Please wait a minute...

Frontiers of Architectural Research

ISSN 2095-2635 (Print)
ISSN 2095-2643 (Online)
CN 10-1024/TU
Postal Subscription Code 80-966


, Volume 8 Issue 2

For Selected: View Abstracts Toggle Thumbnails
Making Bibelot: Casting material research within cultural frameworks
Erkin Özay, Gregory Delaney, Nicholas Traverse, Andrew Pries
Front. Archit. Res.. 2019, 8 (2): 121-135.
Abstract   PDF (5083KB)

Material investigations in architecture often exclude practice implications by narrowly determining the scope and limitations of research. Such limitations are necessary and warranted for open-ended inquiries undertaken in controlled conditions. Working with commercial outfits in the context of a prescribed project, on the other hand, requires a clear attitude that accounts for the agency of the manufacturer. A small design-build intervention, completed with an in-kind donation from a terra cotta manufacturer in Buffalo, NewYork, gave us the opportunity to take on such a collaborative investigation. In order to explore the potentials of terra cotta as a building material to the greatest extent, wes trategically increased the complexity of the endeavor, challenging the design and manufacturing team to address production problems in a timely manner to meet the project goals. In doing this, we relied on conceptual constructs that address specific material and institutional histories of terra cotta and the cultural context, registered as form, color, and ornamentation in the project. The paper gives a detailed account of the entire process and the working assumptions by bridging the design and manufacturing decisions in an interrelated manner.

References | Related Articles | Metrics
My Country and My People and Sydney Opera House: The missing link
Chen-Yu Chiu, Philip Goad, Peter Myers, Nur Yıldız Kılınçer
Front. Archit. Res.. 2019, 8 (2): 136-153.
Abstract   PDF (6095KB)

It is known that Jørn Utzon (1918–2008), the principal architect for the Sydney Opera House project (1957–66), had a lifetime obsession for Chinese art and architecture. However, previous studies did not explore the relationship between Utzon and his venerated Chinese writer Lin Yutang (1895–1976). How Utzon represented the ideas and ideals he received from Lin Yutang's conceptualization of Chinese art and architecture in My Country and My People (1935) has not been systematically documented. To this end, this article examines the role of Lin Yutang' swork in Utzon's architectural career generally and the architect's Sydney Opera House design in particular. It argues that My Country and My People nurtured young Utzon's own architectural philosophy, as reflected in his early manifestoes and design projects. Eventually, Lin Yutang's Chinese aesthetics encapsulated in calligraphy, painting and architecture helped Utzon to initiate, articulate and further communicate the design principles of his Sydney Opera House, as well as several other important architectural works before and after. Although Utzon never fully realized his Opera House due to forced resignation in 1966, the inspiration from Lin Yutang vividly remains in Utzon's yet to be finished masterpiece.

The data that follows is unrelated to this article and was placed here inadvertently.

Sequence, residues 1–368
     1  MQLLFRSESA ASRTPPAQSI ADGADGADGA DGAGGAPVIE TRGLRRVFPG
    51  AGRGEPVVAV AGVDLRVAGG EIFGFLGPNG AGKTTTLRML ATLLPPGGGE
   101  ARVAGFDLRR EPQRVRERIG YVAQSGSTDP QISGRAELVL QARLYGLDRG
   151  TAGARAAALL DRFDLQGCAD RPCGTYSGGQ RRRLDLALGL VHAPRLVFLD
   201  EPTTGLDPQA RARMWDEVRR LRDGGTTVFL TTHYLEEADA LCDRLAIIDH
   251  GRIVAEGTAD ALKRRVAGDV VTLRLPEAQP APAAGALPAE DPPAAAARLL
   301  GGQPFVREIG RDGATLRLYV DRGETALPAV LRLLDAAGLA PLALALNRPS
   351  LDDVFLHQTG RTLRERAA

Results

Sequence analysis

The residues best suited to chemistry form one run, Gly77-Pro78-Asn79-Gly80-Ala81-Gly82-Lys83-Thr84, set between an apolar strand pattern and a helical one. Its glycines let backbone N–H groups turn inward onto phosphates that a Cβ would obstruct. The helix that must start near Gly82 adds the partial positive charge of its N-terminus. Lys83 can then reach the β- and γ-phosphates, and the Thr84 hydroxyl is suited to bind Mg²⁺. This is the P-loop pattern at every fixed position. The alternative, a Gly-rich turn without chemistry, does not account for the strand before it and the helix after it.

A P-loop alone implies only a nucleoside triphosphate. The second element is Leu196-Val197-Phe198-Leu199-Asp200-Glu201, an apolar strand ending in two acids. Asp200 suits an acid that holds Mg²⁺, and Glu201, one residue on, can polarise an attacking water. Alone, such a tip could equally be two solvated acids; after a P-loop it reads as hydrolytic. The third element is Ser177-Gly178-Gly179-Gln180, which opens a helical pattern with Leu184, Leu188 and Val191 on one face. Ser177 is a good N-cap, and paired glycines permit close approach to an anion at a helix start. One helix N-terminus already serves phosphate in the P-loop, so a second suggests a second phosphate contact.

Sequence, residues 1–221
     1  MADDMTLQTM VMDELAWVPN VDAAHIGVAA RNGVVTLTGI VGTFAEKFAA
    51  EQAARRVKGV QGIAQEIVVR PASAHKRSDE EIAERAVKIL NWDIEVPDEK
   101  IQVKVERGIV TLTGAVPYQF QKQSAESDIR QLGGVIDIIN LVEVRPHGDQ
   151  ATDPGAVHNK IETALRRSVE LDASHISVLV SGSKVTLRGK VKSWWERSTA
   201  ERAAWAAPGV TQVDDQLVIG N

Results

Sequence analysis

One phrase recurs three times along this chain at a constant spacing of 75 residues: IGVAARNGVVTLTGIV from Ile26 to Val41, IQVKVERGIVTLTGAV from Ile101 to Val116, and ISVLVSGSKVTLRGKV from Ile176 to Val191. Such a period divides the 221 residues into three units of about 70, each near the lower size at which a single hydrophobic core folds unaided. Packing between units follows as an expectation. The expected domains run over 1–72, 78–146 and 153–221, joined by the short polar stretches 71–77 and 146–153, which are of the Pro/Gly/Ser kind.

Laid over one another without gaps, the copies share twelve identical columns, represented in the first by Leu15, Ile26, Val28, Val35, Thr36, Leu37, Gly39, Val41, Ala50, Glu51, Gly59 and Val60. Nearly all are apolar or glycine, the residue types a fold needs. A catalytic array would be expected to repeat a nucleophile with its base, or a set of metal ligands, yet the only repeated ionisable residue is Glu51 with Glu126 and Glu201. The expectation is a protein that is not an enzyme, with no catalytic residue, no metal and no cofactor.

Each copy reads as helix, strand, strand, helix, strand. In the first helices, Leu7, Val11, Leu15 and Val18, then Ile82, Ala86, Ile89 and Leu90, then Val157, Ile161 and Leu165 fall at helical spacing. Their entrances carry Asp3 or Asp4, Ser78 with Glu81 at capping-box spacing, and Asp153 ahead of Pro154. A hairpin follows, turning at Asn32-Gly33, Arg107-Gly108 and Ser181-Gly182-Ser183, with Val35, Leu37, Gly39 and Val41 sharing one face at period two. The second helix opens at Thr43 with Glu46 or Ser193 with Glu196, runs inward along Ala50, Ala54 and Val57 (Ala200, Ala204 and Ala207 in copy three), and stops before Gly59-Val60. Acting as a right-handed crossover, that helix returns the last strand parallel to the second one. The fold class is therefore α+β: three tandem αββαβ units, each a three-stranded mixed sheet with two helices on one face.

References | Related Articles | Metrics
Reducing architecture: Doing almost nothing as a city-making strategy in 21st century architecture
Marco Enia, Flavio Martella
Front. Archit. Res.. 2019, 8 (2): 154-163.
Abstract   PDF (6902KB)

This paper discusses a contemporary design strategy to deal with urban spaces. In 21st century architecture it is possible to recognize the existence of several projects that consist in doing almost nothing, carrying out only minimal modifications to their sites of intervention. In present-day architecture, this approach is considered useful sometimes to respect the surroundings and sometimes to improve them through the smallest and tiniest actions. Doing almost nothing is a strategy that can unfold in many ways. It can mean opting for inaction and thus not modifying a place at all; or designing a temporary project intended to occupy it only for a limited period of time; or also carrying out a particularly small but permanent intervention. Depending on the circumstances, it is an approach that can help architecture protecting a place, reclaiming it or reactivating its latent qualities. This strategy can be implemented both through a single intervention on a specific place, or through a network of coordinated projects in different locations. The purpose of the paper is to present this approach in the context of 21st century urban architecture, through cases studied from the last two decades.

References | Related Articles | Metrics
Narratives of a lost space: A semiotic analysis of central courtyards in Iranian cinema
Hamed Goharipour
Front. Archit. Res.. 2019, 8 (2): 164-174.
Abstract   PDF (3274KB)

Most constructions in Iranian cities today neglect the traditional principles of design, particularly the rules on spatial hierarchy. This interdisciplinary study deploys cinematic analysis to understand the multidimensional aspects of architectural spaces and to investigate the different functions of the “central courtyard,” an important space in traditional Iranian architecture. In addition, this study demonstrates how films provide a perspective for architects to improve their understanding of the dynamics of space. A semiotic analysis of two films, namely, “The Deer” (1974) and “Mum's Guest” (2004), reveals that the central courtyard creates a sequence between public and private realms and, as a semi-private space, provides time and opportunities for residents to react to outside events. Spatial fluidity and connectivity, collaborative activities, and empathy can be the other outcomes of this space, in which residents become familiar with one another's lives.